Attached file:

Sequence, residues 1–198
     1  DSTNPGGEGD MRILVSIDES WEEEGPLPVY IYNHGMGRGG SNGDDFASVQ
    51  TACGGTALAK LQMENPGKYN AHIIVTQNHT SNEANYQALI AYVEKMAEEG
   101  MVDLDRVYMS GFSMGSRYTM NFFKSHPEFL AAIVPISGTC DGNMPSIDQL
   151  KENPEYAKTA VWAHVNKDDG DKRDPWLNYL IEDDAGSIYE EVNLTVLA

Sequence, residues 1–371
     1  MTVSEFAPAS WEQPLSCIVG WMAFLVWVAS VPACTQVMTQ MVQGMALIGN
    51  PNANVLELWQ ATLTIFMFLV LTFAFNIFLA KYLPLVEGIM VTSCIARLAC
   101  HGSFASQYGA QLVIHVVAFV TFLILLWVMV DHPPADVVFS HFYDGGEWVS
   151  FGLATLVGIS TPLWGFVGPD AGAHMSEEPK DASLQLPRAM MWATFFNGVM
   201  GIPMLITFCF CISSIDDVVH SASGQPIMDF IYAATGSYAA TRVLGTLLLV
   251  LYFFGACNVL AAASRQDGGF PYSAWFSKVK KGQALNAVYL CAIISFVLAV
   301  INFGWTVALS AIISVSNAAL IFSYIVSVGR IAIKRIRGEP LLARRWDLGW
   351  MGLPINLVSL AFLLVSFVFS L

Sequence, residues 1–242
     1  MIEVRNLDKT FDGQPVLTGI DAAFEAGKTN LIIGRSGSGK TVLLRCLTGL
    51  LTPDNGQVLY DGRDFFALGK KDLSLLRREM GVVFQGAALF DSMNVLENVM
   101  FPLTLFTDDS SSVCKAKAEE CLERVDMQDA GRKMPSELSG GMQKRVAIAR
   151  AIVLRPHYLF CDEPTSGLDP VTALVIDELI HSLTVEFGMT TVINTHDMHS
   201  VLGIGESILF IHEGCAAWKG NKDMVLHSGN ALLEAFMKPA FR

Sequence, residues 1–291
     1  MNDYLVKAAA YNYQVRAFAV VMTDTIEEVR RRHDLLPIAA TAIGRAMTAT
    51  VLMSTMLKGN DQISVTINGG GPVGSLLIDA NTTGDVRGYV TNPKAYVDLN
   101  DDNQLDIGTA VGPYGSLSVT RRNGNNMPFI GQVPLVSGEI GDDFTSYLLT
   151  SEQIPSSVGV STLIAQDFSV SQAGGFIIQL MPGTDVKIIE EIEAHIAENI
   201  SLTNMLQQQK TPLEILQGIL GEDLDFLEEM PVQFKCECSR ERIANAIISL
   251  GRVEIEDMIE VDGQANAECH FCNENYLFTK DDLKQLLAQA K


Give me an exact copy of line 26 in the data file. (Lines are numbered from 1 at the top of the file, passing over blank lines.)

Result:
   201  SLTNMLQQQK TPLEILQGIL GEDLDFLEEM PVQFKCECSR ERIANAIISL